Social Change: Religion, Television and Automobilies, and a few more

“The paradigm is
shifting” is an overused phrase, but “The paradigm is

The principal sin
of neoconservatives
is overbearing arro-
gance. It is not so
much that they have
ever been wrong. It
is that nobody has
ever convinced them
that they have been
David Keene
American Conservative

(In NY Times Multimedia
see link to Graphic for a
collection of quotes)

As NBC announces it will cut 700 jobs and change its primetime strategy, a group of conservative Christians prepares to go to court to defend a mutual aid-type payment plan for health care, and Chrysler, anticipating another big quarterly loss, plans more cuts.

It’s cliche’ to say, “The paradigm is shifting,” but the fact is, the paradigm is shifting. In each of these examples underneath the public discussion is a basic reality–the old way of doing things is changing radically. We can try to dress it up in other clothing, but the organizational models of the past century are worn and tattered and they are being challenged to put on newer style.

NBC, as virtually every other mainstream media operation, must contend with the cost of acquiring content for news and entertainment as viewers move to digital media. Much of the content delivered on the Internet is free. In an article in the NY Times, Jeff Zucker, CEO of NBC Universal Television says, “I don’t know if it is irreparably broken, but the economic model is under a tremendous amount of pressure.” Another article on newspaper revenues discusses the challenges print media face, and they are not dissimilar to broadcasters.

I hear this everywhere I turn. Old systems are under pressure. It’s change or die, according to some analysts.

The evangelical mutual aid association Christian Care Ministry, gives members the ability to share in paying medical costs. A story in the Times, reports it isn’t an insurance company but some regulators say it acts like one, and it’s beyond their regulatory oversight so they’re pressing legal challenges. But underneath the legal particulars is a broken health care model in the United States. Given the opportunity, some opt out and others are excluded because they can’t afford insurance. The old model is broken.

The U.S. auto industry slept through the market sensitive practices of the Japanese automakers and continued to rely upon the same formula–producing vehicles that gave them greater profit while ignoring the growing demand for low-cost, fuel efficient models. While some automakers attribute their problems to high wages and health insurance, the handwriting has been on the wall in form of Japanese and Korean calligraphy for a long time, but they didn’t read it.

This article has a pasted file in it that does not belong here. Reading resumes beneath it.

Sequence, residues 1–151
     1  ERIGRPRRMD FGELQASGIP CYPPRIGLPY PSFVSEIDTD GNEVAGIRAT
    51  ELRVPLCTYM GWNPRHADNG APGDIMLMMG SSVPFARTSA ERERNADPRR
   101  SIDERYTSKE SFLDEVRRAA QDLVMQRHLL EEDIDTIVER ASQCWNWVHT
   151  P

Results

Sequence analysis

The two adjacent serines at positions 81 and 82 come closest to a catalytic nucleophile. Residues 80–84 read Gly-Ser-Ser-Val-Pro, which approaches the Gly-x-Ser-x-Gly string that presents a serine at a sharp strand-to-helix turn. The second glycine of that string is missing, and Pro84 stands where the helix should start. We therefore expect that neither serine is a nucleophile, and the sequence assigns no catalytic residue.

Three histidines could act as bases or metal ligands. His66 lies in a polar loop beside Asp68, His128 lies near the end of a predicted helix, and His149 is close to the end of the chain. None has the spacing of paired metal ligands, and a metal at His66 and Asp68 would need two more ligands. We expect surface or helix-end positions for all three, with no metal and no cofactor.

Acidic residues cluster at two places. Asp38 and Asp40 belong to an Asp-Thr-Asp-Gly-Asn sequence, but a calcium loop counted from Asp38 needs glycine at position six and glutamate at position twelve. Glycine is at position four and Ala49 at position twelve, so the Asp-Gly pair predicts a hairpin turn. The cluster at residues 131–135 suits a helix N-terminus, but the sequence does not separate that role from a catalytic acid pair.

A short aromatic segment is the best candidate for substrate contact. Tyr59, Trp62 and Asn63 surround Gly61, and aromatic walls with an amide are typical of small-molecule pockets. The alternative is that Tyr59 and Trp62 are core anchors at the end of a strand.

I don’t think it’s far-fetched to view the turmoil in religious communities today through this lens of paradigm shift. As the paradigm changed with the Protestant Reformation, the encounter of enlightenment with post-modern is creating swirling changes that haven’t yet reached their fulness and probably indicate that religious people are in for some interesting and unsettling days ahead.

The debate among religious conservatives and their counterparts in the political right reveals fractures in the coalition that has served them well for the past two decades. But beneath the obvious political differences is a deeper issue–which values are enduring and should be retained and which can give way to new understandings of faith in the 21st. Century?

Political analysis is inadequate. The need for an anchor in a world of change leads to claims for religious verities. In an age of anxiety, this is not surprising. Nor is it surprising how divisive the claims are. Religious folks are saying some pretty horrible things about others who differ with them, even their allies. I read the criticisms by evangelicals of Brian McLaren, the emergent church architect, and I wonder how he absorbs these strong words. A conservative independent seminary training United Methodist students fired its conservative president recently in a manner that will besmirch the institution for years. And at least one theologian in the United Methodist Church has made a career of sharp theological critique and his detractors roll their eyes while followers love him. Across the religious spectrum ferment and nastiness are evident.

Lines are being drawn, true believers are lifted up, and those who don’t measure up are cast aside. As the paradigm shifts and people become uneasy with the loss of certainty, they struggle to preserve what worked in the past and, in some cases, they devour each other.

Some days the only theologian I want to listen to is Tom T. Hall.

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